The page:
Friday, November 10, 2006
This case is not exactly news - it was reported back in August - but I wanted to hold off posting about it until I got a copy of the judgment (see below).
Chen Tangfa (陈堂发), a journalism professor, sued a blog hosting service for not taking down insulting comments about him posted by a student. The comments, while certainly insulting (猥琐人wretched/tedious person, 烂人烂教材 rotten person and rotten teaching materials, 流氓 hooligan), fall I think comfortably within what we might call expressions of opinion rather than assertions of fact. [Nov. 11 FOLLOW-UP: I had not seen 猥琐人 before and relied too much on my prudish dictionary. As Willi Hao's comment suggests, it does indeed have a sense of "dirty" or "perverted".]
The court judgment found the comments actionable and the blog hosting service liable. My quick review of the judgment suggests the following interesting aspects of the issues dealt with by the court:
- Did the post infringe on the plaintiff's rights? The defendant argued (unsuccessfully, of course) that the poster had no subjective intention to harm the plaintiff.
- Was the hosting service liable? The defendant argued (lamely, in my opinion) that the defendant failed to provide proof of his identify. Whether the hosting service had a duty to remove the statements if the plaintiff had gone through the proper procedures seems not to have been an issue.
- An crucial non-issue was whether the statements were or were not actionable as defamatory. In other words, the plaintiffs did not argue that you may insult people with impunity in China provided you do not cross some line. Insults are harmful, and so you must bear liability.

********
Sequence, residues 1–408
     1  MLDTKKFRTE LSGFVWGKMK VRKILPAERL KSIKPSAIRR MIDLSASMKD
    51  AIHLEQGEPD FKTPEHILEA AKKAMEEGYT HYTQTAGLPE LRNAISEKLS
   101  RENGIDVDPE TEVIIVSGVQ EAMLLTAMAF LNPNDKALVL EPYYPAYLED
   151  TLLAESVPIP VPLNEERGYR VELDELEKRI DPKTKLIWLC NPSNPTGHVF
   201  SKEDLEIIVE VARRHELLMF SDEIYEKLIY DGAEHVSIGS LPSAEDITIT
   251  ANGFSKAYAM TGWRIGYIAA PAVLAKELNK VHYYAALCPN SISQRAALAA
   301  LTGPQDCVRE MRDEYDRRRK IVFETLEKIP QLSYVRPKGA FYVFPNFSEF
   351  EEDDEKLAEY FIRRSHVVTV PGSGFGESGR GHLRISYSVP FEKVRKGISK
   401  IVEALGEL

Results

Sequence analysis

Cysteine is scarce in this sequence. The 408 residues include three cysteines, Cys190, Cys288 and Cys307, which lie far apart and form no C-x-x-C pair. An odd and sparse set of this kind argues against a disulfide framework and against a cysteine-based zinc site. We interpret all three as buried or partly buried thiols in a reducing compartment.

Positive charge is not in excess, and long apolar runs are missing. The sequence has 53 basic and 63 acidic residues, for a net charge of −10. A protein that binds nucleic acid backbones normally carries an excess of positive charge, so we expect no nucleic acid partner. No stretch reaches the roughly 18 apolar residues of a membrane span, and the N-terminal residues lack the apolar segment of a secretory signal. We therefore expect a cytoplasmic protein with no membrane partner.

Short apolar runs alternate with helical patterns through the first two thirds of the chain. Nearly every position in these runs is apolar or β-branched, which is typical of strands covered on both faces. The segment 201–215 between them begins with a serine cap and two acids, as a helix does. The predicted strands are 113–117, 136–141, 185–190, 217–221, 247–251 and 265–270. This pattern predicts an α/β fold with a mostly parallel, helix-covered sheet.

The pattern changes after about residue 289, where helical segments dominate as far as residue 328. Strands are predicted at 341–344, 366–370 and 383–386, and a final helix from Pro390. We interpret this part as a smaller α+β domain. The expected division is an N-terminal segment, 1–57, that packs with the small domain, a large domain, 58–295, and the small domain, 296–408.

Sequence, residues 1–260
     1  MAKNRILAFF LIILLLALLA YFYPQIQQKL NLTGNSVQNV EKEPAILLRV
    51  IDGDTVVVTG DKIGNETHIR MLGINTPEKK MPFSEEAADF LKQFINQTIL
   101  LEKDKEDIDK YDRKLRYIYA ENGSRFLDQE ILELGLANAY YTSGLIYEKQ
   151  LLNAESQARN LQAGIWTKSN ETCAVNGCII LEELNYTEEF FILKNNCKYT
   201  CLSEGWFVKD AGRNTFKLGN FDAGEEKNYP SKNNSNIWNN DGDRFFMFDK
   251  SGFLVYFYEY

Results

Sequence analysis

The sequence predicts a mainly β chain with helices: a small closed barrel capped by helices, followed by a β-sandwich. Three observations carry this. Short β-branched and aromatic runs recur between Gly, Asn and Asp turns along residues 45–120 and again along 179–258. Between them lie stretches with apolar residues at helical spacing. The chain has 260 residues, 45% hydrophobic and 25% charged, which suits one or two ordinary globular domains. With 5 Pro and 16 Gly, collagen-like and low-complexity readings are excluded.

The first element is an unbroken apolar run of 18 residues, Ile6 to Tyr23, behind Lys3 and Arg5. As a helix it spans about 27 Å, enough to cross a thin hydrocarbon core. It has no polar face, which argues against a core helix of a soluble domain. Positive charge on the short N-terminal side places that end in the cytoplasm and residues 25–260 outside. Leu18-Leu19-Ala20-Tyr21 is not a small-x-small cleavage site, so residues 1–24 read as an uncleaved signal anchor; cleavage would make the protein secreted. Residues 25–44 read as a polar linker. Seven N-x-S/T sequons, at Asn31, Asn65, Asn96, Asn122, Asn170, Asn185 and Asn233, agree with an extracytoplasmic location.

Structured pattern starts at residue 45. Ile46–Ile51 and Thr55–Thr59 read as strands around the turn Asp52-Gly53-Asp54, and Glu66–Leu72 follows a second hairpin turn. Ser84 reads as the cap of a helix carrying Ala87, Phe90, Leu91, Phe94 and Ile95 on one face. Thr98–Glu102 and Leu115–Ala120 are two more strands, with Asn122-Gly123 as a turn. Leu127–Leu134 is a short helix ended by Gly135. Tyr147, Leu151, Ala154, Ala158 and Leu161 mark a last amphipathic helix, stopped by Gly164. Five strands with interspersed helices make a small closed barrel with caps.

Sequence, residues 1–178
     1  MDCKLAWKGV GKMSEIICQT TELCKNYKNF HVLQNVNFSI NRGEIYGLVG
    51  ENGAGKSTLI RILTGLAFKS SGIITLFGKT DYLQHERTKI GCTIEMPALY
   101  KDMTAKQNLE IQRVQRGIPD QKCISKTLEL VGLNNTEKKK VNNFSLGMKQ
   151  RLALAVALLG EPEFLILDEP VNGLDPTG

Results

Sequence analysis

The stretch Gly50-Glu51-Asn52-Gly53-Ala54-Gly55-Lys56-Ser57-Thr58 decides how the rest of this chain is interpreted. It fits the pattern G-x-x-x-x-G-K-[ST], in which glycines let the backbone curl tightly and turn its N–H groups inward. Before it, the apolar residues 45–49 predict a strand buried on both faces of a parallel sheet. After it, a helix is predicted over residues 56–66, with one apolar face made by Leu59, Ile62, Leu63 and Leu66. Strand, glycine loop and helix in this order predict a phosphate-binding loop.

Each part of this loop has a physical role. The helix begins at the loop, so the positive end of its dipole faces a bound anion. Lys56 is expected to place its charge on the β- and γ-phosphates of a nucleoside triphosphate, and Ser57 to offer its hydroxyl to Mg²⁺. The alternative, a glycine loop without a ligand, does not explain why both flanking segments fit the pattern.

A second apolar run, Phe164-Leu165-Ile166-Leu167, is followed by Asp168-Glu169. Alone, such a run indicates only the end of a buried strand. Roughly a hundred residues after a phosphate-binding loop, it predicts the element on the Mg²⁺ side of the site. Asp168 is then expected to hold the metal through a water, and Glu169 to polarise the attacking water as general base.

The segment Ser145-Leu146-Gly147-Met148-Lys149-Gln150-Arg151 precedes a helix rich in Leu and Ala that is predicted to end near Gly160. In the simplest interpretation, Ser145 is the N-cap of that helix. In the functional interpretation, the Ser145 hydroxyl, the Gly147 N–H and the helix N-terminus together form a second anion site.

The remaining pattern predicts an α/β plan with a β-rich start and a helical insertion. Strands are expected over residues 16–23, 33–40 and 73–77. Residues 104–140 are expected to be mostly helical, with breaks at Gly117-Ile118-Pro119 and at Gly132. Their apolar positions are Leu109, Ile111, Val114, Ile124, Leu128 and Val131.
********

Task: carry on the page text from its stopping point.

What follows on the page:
My shallow acquaintance with defamation law suggests that the plaintiff's claim would not succeed in jurisdictions like the United States. This is not because nobody here thinks insults aren't harmful and sometimes quite unjustified. It's because there is a countervailing value - free speech - that must be considered as well. Although the Chinese legal system might well, if it thought about it, arrive at a different way of striking the balance between these two values, here (and in many defamation cases) the countervailing value doesn't seem to enter into the calculation at all. There is just no pushback. (For a far more detailed and nuanced view of Chinese defamation law than I can manage here, see Prof. Ben Liebman's excellent article on the subject, "Innovation Through Intimidation: An Empirical Account of Defamation Litigation in China.") The irony of this suit being launched by a professor of journalism needs no elaboration.
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